Gnosticism influenced the dualistic philosophy of Docetism. See Kurt Rudolph, Gnosis: The Nature and History of an Ancient Religion, trans. Robert M. Wilson (Edinburgh: T & T Clark, 1983), 372. Countering Docetism, Irenaeus writes about Christ: "Fasting forty days, like Moses and Elias, He afterwards hungered, first, in order that we may perceive that He was a real and substantial man -- for it belongs to a man to suffer hunger when fasting; and secondly, that His opponent might have an opportunity of attacking Him" (Adv Haer 5.21.2).
Irenaeus likewise castigates the numerological tendencies of the Gnostics, observing: "Moreover, they possess no proof of their system, which has but recently been invented by them, sometimes resting upon certain numbers, sometimes on syllables, and sometimes, again, on names; and there are occasions, too, when, by means of those letters which are contained in letters, by parables not properly interpreted, or by certain [baseless] conjectures, they strive to establish that fabulous account which they have devised” (Ibid. 2.28.8).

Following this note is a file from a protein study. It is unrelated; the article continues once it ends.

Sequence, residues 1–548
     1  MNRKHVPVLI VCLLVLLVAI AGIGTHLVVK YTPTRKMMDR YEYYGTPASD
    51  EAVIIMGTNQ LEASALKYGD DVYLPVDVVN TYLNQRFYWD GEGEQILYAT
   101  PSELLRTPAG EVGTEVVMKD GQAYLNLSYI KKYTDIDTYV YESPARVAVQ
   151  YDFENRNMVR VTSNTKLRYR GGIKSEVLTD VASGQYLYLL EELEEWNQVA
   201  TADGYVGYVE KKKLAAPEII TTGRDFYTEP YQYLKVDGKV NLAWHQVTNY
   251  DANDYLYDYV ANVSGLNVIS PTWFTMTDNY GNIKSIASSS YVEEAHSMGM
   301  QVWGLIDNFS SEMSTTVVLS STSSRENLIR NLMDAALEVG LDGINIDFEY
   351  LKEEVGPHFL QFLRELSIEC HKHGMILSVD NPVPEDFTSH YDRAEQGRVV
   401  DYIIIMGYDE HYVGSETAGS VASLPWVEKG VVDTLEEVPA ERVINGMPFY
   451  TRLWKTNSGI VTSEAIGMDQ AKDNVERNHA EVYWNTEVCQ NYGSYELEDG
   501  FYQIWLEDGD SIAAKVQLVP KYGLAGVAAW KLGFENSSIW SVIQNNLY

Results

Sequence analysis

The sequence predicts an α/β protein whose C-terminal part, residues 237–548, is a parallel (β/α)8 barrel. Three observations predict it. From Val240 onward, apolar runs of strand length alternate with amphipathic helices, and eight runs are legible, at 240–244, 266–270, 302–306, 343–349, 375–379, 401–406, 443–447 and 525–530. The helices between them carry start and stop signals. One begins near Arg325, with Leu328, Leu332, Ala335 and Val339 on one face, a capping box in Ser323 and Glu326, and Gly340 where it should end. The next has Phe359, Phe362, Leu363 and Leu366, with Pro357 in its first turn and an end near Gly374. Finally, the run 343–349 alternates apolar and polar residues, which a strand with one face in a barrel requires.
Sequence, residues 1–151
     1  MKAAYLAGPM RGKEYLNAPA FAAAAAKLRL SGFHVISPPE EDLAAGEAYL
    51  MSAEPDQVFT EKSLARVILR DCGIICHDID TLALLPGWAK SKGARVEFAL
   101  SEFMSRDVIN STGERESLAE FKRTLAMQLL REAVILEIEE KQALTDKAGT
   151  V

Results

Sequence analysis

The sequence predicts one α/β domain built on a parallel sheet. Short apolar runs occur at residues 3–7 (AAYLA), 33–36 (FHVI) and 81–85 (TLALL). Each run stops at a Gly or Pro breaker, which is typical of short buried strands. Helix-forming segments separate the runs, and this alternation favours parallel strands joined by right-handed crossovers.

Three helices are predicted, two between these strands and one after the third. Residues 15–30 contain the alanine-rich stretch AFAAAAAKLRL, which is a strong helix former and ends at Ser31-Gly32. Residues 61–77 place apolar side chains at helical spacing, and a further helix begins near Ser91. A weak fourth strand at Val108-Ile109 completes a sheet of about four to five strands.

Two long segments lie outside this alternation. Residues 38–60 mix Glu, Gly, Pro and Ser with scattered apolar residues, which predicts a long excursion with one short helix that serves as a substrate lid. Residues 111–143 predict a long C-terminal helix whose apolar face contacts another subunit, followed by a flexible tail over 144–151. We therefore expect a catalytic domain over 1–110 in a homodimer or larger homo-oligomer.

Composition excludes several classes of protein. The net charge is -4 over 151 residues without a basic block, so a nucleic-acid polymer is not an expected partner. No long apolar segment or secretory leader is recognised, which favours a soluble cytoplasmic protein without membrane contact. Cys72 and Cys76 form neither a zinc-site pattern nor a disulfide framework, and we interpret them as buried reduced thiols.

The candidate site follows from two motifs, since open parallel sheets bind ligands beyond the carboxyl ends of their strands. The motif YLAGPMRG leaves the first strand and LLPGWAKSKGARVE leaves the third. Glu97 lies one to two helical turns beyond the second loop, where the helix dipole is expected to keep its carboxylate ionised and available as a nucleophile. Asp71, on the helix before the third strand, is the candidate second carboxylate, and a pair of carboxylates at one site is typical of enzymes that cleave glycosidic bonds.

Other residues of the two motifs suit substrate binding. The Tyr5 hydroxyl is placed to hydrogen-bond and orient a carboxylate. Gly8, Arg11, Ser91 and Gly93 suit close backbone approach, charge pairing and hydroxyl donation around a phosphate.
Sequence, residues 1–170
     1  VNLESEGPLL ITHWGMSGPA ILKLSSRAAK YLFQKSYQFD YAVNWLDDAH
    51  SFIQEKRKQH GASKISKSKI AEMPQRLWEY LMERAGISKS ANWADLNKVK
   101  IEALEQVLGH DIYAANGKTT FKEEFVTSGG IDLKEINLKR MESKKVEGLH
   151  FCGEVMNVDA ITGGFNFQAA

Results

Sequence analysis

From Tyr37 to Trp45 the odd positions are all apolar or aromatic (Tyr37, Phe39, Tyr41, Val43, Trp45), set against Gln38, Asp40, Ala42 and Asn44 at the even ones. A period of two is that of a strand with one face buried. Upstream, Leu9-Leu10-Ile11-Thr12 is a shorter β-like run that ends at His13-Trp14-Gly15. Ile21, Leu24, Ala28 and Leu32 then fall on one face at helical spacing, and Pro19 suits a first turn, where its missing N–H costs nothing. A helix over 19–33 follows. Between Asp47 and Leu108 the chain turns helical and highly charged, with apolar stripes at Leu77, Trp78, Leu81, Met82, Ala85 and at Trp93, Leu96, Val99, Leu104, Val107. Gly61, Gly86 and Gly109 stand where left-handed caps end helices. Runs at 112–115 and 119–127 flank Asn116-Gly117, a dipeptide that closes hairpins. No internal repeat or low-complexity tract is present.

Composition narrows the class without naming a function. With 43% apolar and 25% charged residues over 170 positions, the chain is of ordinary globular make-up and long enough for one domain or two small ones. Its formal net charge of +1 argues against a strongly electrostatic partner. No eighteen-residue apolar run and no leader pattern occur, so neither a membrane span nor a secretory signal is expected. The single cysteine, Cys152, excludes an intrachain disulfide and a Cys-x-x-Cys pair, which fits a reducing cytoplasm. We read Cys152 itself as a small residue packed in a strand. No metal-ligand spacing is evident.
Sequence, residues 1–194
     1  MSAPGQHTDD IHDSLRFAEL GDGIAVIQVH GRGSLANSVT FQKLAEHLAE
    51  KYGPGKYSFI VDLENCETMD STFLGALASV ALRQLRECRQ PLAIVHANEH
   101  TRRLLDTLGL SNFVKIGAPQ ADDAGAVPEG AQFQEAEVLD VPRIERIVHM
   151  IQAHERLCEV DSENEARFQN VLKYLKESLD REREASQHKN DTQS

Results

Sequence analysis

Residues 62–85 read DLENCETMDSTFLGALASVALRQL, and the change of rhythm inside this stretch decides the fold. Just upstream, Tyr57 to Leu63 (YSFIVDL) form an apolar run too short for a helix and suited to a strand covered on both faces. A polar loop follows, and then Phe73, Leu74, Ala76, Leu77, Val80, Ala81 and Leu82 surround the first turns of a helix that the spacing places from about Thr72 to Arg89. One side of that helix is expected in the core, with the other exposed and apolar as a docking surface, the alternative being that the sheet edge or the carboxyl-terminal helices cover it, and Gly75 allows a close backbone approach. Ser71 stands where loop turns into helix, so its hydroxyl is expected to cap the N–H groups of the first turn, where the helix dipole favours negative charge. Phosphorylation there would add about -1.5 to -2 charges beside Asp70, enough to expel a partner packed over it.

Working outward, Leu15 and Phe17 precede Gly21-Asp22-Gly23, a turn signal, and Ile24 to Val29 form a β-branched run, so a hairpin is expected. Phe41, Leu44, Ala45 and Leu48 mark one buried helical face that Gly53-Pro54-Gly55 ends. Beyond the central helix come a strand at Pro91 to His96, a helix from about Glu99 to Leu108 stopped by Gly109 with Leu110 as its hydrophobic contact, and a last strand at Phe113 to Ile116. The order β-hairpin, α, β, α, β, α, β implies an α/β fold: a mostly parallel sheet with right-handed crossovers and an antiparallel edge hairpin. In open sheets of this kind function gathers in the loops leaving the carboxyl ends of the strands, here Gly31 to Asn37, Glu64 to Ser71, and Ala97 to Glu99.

However one defines the term "Christianity," una voce, believers of all stripes can no doubt agree with what Paul Tillich points out regarding Gnosticism: "If Christian theology had succumbed to this [Gnostic] temptation, the particular character of Christianity would have been lost. Its unique basis in the person of Jesus would have become meaningless." See Tillich, A History of Christian Thought, 36. But orthodox theologians of the church offered a successful riposte to the Gnostic challenge. These ecclesiastical polemicists "fought against gnosticism [sic] and expelled it from the church." (Ibid. 37.) In this way, the regula fidei, which the apostles supposedly transmitted to their successors, was purportedly saved.